It finally happened: a quirky, interesting, active, BLONDE Disney Princess.
By the time I watched Tangled, I felt like I’d been waiting my whole life to see it. I mean, come on – Cinderella and Sleeping Beauty are so excessively passive that they were practically catatonic (and you can take that literally for Sleeping Beauty).
And then Rapunzel came along, and I did that thing that I always do with Disney movies: I over-identified. Massively. (Apparently other people grow out of that after their childhood? Huh.)
It’s not just the blondeness, although it helps.
Rapunzel is smart, despite her naivety. She’s a scientist (an astronomer, at least) and an artist – the first Disney princess to be an artist, I believe (correct me in the comments if I’ve forgotten one though.) She has about a bazillion hobbies. She has a lot in common with Ariel from The Little Mermaid – my first Disney favourite, and that can’t be a coincidence. Both fairytales are about a girl coming of age (and, yes, sexual maturity), and in both cases the heroine has agency: the plot is driven by the choices she makes. Ariel chooses to become human; Rapunzel chooses to leave her tower.
(For an excellent article on feminine agency in Disney films and Tangled in particular, please refer to this piece at the Analytical Couch Potato.)
I have a whole ‘nother essay (perhaps several) to write about The Little Mermaid, so I’ll focus on the little nuggets of feminism within Tangled for now:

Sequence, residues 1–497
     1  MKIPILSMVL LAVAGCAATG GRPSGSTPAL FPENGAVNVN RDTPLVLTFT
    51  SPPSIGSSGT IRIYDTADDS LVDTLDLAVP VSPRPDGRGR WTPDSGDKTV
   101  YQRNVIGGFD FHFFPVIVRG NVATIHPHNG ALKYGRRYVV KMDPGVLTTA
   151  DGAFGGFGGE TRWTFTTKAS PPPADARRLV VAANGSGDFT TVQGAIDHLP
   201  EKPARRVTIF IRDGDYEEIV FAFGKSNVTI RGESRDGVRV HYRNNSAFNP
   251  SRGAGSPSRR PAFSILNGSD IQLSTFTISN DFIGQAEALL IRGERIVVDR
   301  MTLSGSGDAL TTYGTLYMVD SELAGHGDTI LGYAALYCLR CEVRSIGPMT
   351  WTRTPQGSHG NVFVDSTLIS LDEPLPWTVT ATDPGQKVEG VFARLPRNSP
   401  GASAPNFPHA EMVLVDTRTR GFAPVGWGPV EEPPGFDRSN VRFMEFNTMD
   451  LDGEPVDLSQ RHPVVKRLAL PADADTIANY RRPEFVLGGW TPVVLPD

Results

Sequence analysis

1. Tangled passes the Bechdel Test.
For extra marks: discuss other classic Disney films with reference to the Bechdel Test in the comments. Do any others pass?
2. It’s totally about a girl losing her virginity.
Well, kind of. A surprising number of Grimm’s fairytales can be seen to revolve around this issue.
When Mother Gothel gives Rapunzel the crown, she sings [sarcastically]:
“Rapunzel knows best, Rapunzel’s so mature now
Such a clever grown-up miss!
Rapunzel knows best – fine, if you’re so sure now
Go ahead, then give him this!
This is why he’s here! Don’t let him deceive you!
Give it to him, watch, you’ll see!
Trust me, my dear, that’s how fast he’ll leave you
I won’t say I told you so…”
Read that (or better yet, watch the clip) and tell me she’s NOT totally singing about Rapunzel’s virginity. Yeah. That’s what I thought.
This isn’t a pro-feminist thing, necessarily, but anything that even touches upon issues of female sexuality – even in a completely subtle and allegorical sense – gets to count as ‘feminist’ just by virtue of existing in the medium of children’s entertainment.
3. The King cries.
When we see the King and Queen mourning the loss of their daughter, it is the King who is emotionally distraught and the Queen who is stoic. How many kid’s films show a grown man crying – not as the object of laughter and ridicule, but with dignity and real feeling?
(Big hat tip to ‘The Ferret’ who also wrote about the King crying and made me yell “Yes! That! Exactly!” at my computer screen.)
4. The Frying Pan.
Refer to DVD cover above.
The frying-pan-as-weapon gag is a recurring one in the movie. Now, Flynn Rider is obviously the ‘Cool Guy’ in this film. He is dashing and handsome and witty, and at one point he stands there holding the fying pan, staring at it in amazement and exclaiming, “I have got to get me one of these!”
You got that? The Cool Guy. Wants a frying pan.
Subliminal messaging? Check. Encouraging young boys to see a stereotypically ‘feminine’ object as something other than what it traditionally symbolises?